July 28, 2017

Supportive Care Concerns

The medical staff providing supportive care for the unconscious individual is highly trained and understands how to care for traumatic brain injury (TBI) patients.

TBI patients are monitored with equipment for breathing, heart rhythm, blood pressure, pulse and intracranial pressure.

Sometimes the unconscious individual cannot breathe without assistance.  The airway is maintained and breathing occurs though special tubes that help maintain oxygen in the blood.  It may be necessary to suction, as to remove thick secretions and keep the air tube clean.

The tube may be located in the mouth or in the neck.  If it is in the neck, it is called a tracheostomy tube.  Either tube will need to be cleaned daily.  A pulse oximeter measures the amount of oxygen the patient is receiving through a device that resembles a finger splint.

After head trauma, seizures can occur.  Dilantin is the usual medication administered through the IV to prevent seizures. A tetanus shot also may be given.

Fluid is administered through the IV for nutrition and liquid. The unconscious person cannot eat or drink safely. The need for nutritional support using parenteral (IV) or enteral solutions (a tube placed in the stomach) is determined by a registered dietician and the doctor.

A urinary catheter is put in the bladder for urine collection. The individual is not aware of the need to use the bathroom.  The catheter attaches to a bag hanging from the side of the bed.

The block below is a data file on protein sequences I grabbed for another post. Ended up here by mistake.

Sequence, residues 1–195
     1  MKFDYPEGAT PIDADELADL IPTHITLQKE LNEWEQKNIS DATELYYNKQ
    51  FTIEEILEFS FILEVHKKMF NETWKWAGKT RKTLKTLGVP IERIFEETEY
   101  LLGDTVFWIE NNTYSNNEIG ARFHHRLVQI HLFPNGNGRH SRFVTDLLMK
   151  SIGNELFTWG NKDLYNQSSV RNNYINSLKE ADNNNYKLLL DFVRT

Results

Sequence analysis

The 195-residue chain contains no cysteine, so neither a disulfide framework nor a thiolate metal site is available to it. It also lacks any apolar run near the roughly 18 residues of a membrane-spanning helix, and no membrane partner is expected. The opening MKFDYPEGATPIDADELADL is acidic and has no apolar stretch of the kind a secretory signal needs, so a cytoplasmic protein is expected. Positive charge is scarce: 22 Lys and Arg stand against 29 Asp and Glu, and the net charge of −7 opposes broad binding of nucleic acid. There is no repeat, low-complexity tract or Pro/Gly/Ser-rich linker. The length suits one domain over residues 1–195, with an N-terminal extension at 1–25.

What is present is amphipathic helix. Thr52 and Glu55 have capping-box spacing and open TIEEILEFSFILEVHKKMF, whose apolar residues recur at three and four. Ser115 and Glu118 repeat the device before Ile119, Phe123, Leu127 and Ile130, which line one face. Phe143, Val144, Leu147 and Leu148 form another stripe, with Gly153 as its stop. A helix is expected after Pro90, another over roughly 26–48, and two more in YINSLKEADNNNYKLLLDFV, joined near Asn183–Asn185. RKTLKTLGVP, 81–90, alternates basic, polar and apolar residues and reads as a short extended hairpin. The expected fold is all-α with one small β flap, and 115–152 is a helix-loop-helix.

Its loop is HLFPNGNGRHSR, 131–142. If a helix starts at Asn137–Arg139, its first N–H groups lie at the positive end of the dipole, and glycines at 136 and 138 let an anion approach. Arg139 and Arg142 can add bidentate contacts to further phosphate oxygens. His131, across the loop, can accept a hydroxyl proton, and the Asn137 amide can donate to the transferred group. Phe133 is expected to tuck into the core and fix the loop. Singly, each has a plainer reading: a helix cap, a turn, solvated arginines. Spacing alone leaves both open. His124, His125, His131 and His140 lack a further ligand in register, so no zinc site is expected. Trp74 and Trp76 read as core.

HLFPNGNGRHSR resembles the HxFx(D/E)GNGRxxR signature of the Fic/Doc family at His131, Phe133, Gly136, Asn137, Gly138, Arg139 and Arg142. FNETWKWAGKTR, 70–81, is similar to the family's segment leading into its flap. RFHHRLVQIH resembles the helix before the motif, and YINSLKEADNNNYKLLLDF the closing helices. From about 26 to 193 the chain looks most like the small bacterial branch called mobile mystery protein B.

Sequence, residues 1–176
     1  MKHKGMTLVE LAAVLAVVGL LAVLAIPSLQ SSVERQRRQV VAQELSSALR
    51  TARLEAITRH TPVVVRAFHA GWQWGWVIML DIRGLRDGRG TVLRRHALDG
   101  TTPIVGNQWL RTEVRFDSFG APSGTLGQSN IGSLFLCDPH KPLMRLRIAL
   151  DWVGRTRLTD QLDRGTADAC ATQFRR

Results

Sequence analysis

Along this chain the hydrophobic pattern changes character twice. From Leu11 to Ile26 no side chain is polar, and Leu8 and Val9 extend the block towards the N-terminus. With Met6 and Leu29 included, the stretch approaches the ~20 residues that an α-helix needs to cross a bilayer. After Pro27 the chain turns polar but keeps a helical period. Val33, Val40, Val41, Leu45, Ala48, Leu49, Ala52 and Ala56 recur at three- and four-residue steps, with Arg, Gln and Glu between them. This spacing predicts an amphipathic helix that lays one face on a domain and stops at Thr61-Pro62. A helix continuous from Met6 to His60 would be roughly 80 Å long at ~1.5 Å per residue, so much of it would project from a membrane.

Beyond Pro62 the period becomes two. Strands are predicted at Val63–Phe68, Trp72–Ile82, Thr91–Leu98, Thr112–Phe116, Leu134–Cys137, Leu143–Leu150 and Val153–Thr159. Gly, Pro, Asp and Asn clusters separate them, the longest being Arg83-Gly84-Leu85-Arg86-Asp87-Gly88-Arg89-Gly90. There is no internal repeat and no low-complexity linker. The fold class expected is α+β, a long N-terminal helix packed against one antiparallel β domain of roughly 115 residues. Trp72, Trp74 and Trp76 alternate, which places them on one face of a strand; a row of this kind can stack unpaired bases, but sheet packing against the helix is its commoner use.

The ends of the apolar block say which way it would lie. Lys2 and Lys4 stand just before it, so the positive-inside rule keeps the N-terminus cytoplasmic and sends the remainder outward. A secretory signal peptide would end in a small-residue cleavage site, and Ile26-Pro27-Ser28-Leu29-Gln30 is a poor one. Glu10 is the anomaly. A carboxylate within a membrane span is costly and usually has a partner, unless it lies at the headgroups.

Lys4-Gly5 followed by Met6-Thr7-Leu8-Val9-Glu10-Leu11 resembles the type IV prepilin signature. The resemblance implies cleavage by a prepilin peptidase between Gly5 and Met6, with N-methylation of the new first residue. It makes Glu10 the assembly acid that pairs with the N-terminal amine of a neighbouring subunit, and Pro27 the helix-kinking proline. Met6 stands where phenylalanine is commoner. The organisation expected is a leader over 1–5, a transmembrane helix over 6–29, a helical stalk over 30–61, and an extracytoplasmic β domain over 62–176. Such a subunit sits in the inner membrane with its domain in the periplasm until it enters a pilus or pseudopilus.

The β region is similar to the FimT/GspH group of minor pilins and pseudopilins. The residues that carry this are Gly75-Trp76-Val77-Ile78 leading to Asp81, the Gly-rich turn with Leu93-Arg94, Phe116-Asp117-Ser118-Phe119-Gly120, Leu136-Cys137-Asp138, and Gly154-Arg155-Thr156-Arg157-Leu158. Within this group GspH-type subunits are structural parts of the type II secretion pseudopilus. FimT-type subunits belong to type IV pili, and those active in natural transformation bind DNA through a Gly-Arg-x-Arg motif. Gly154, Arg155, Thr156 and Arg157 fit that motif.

It is important to maintain the unconscious patient’s blood pressure through IV fluid and medication. Ideally, the blood pressure range should be close to 90/70.

The patient is turned and positioned in bed to prevent bedsores because most unconscious people cannot move independently.

The unconscious person may have a compression device wrapped around the legs that resembles a plastic tub mat. This device prevents blood clots.  Daily injections are also given to prevent blood clots.

Intracranial Pressure

Intracranial pressure (the pressure in the brain) is controlled through the use of monitoring devices.  Doctors place a small bolt in the patient’s skull to measure intracranial pressure (ICP).   A catheter is attached to the bolt in the brain which connects to a gauge that registers the amount of pressure in the skull.  This procedure is most commonly performed on patients with moderate or severe brain injury.

The trauma care staff may try to keep the pressure down by:

  • Controlling body temperature (keeping the temperature low to normal)
  • Elevating the head of the bed
  • Using controlled narcotic sedation to cause paralysis, keeping the person still and comfortable
  • Ensuring proper breathing
  • Administering medication including Mannitol
  • Hypertensive therapies

Diagnostic Tests

The medical staff may conduct a number of diagnostic tests to determine what is occurring internally after the accident or illness.

X-rays, CT scans and MRI’s of brain are pictures of the inside of the head. The picture will show if there is bleeding and/or swelling, skull fractures and where the damage has been done.

Often, Cervical Spine and other spinal films may be completed. When someone is involved in trauma, the neck and back may also be injured.

EEG: this test shows the presence of brain waves, their intensity and frequency. It is also used to determine if the patient is having seizures.

The following sections explain:

Treatments for Traumatic Brain Injury Homepage
Initial Treatment
Rehabilitative Center Treatment
Acute Treatment
Surgical Treatment
Supportive Care Concerns
Recovery